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NMEA-2000: Analog Convertor for Engine Data
|Author||Topic: NMEA-2000: Analog Convertor for Engine Data|
posted 08-08-2011 09:30 AM ET (US)
[Seeks] a system to convert analog engine signals to NMEA-2000. After a little searching, I found a company called Albatross Control Systems that looks pretty interesting. The interface module is called the Alba-Engine. I love the HDS-7 and would like to actually collect as much data as possible for my twin Johnson 70HP motors. Will be adding a Lowrance EP-60 Fuel Flow. I used them on a previous boat and are a great and CHEAP instrument. It would be great to have something that can basically splice into the wiring harness and display the engine temperature, water pressure, oil pressure, and RPM.
posted 08-08-2011 12:02 PM ET (US)
Try this. I am getting close to buying one myself.
posted 08-08-2011 01:51 PM ET (US)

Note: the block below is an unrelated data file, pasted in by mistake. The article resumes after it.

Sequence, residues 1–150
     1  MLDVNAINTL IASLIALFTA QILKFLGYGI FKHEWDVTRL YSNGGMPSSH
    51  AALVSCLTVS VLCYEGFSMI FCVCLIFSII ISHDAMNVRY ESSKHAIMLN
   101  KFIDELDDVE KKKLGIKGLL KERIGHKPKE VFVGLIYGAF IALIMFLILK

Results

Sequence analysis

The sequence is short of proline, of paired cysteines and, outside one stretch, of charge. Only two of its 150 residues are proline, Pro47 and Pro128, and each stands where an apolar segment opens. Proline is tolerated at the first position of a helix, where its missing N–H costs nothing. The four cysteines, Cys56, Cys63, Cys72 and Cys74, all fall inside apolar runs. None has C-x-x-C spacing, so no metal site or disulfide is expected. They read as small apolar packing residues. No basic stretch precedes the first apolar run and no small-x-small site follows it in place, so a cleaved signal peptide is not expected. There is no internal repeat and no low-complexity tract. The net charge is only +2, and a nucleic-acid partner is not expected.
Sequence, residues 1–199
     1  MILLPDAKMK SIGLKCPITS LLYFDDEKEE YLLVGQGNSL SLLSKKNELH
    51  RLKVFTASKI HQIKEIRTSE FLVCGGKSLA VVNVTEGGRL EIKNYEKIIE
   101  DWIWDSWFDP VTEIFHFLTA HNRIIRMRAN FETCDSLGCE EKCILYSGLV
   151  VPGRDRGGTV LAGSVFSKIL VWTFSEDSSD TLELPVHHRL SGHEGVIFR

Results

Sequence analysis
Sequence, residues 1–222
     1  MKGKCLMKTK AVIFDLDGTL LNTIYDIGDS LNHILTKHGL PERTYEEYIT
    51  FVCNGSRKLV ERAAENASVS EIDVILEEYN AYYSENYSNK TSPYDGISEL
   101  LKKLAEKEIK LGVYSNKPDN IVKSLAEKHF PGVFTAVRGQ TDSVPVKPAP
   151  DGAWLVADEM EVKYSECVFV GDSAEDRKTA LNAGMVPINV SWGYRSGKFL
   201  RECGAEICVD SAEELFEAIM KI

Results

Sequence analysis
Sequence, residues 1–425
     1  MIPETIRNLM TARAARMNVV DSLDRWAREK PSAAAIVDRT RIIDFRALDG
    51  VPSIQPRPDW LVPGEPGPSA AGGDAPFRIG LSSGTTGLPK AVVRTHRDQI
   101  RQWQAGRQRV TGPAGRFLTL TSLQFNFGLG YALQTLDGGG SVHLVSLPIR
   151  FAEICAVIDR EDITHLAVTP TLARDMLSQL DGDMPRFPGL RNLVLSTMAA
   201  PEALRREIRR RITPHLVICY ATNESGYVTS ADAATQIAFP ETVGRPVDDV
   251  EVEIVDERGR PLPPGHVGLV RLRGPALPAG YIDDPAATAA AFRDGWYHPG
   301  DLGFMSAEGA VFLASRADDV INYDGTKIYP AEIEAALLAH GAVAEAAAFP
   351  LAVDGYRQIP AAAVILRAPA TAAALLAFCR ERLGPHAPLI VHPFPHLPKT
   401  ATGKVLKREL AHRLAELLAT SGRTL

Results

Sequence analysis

Which product? The RS11 looks like it may be the ticket. I guess you have to program the thing for output. Sounds like it could be a challenge. But very cool non the less. Any one ever try it?
posted 08-08-2011 03:07 PM ET (US)
You should use SMALL BOAT ELECTRICAL for this topic. This thread will move there.
posted 08-08-2011 09:35 PM ET (US)
[Moved to SMALL BOAT ELECTRICAL.]
posted 08-08-2011 09:37 PM ET (US)
I think the device being suggested is the RS11:
The manufacturer's website says this device is in the preliminary stage of development.
posted 08-09-2011 11:35 AM ET (US)
Thanks for posting the link.
The RS11 is for sale and in stock (USD $230) on their website:
The device is fully developed. I think you are referring to an update to an older version of the RS11 that adds NMEA 2000 protocols like fuel tank level